Leadership: Paying For Pakistan's Pushtun Problem


May 30, 2009: Pakistan is increasing its military budget 16 percent (nearly a billion dollars). A lot of this will cover the additional expenses of the escalating war in the tribal territories against Pushtun and Baluchi tribesmen. The military also wants to continue improving living standards of the troops. This began only two years ago, when a new commander of the Pakistani armed forces decided to implement reforms, starting with improving the living conditions, and morale, of the troops.

There are 619,000 personnel in the Pakistani armed forces, most of them in the army. It's an all volunteer force, and recruiters can be picky about who they let in, for there is no shortage of applicants. The official military budget is about $5.3 billion a year. That's about three percent of GDP. But in reality, the military get close to 7 percent of GDP. That because the military has a welfare trust (the Fauji Foundation), set up over half a century ago, that controls commercial firms amounting to about six percent of GDP. Profits from these operations pay for health, education and other benefits for members of the armed forces (active and retired) and their families.

The senior officers in the armed forces have benefitted most from this arrangement. The recent reforms sought to redeploy a lot of this money to improve health and education benefits for the troops and their families. Housing and living standards for troops will also be improved. All this was to improve the morale of the troops, and prevent disaffection because of growing operations against Islamic militants. The Taliban and al Qaeda have turned some parts of the Pushtun and Baluchi tribal territories into terrorist sanctuaries. From these locations, attacks are planned and carried out against targets within the tribal territories, and the rest of Pakistan. In effect, the Taliban and al Qaeda are at war with the government of Pakistan, and have made public announcements to that effect. But about fifteen percent of army personnel are Pushtun, and many of these have kin in the tribal territories. In this case, morale and motivation matters, a lot.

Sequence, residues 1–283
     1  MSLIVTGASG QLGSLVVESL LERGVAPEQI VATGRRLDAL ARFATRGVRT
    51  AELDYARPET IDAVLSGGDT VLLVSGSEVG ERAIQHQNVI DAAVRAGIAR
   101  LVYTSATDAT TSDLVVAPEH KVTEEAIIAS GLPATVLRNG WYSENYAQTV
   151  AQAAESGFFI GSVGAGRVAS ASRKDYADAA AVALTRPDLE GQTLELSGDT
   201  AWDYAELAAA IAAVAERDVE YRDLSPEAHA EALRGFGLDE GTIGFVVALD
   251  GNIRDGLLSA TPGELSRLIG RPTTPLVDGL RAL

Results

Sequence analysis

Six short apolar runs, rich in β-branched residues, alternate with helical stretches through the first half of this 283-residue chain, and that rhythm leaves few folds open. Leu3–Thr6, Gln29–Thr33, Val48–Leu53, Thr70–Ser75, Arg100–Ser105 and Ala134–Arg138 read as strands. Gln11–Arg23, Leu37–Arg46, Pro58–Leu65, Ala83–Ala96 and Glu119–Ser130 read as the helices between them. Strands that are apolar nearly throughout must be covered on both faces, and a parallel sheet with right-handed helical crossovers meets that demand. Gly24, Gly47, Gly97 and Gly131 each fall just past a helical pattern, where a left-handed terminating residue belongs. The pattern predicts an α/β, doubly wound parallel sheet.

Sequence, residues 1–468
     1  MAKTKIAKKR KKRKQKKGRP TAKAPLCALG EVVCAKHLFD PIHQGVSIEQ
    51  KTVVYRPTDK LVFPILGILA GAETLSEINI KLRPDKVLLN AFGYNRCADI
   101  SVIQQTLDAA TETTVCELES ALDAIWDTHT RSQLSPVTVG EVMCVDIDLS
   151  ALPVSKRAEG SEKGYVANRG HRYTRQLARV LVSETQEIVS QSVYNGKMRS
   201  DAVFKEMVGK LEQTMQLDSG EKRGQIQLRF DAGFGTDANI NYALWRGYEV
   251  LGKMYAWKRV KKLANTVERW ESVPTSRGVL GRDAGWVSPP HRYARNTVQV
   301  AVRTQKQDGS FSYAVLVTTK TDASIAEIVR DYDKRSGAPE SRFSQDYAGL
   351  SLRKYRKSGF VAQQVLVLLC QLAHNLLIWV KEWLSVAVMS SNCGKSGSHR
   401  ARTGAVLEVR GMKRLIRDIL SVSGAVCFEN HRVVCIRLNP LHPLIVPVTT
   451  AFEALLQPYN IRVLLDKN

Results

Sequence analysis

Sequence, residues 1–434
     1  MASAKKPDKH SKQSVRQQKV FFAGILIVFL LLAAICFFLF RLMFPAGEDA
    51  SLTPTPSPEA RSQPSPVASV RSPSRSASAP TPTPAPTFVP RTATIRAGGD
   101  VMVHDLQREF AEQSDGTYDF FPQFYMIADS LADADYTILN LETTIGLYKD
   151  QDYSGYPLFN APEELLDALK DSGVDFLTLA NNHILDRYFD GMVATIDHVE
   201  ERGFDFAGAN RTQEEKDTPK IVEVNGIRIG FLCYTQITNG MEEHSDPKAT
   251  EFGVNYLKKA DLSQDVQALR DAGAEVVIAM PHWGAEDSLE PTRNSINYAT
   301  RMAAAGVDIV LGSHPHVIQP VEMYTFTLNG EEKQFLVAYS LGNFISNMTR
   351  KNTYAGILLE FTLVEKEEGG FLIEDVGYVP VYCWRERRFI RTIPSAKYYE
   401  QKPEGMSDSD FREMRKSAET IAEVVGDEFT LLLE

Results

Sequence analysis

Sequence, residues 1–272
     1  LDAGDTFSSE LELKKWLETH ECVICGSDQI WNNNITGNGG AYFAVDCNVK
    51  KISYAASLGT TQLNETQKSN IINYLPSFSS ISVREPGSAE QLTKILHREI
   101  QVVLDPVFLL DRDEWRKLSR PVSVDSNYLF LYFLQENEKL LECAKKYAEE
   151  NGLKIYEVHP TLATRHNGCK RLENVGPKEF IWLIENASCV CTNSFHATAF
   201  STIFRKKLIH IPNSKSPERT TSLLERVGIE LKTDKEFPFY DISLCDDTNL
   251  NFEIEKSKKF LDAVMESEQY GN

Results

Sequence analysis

While much of the billions of dollars of military aid given to Pakistan by the United States consisted of weapons and equipment, the Pakistani government has tried to divert some of that cash to building up morale among the troops. So far, this appears to have worked, so far.




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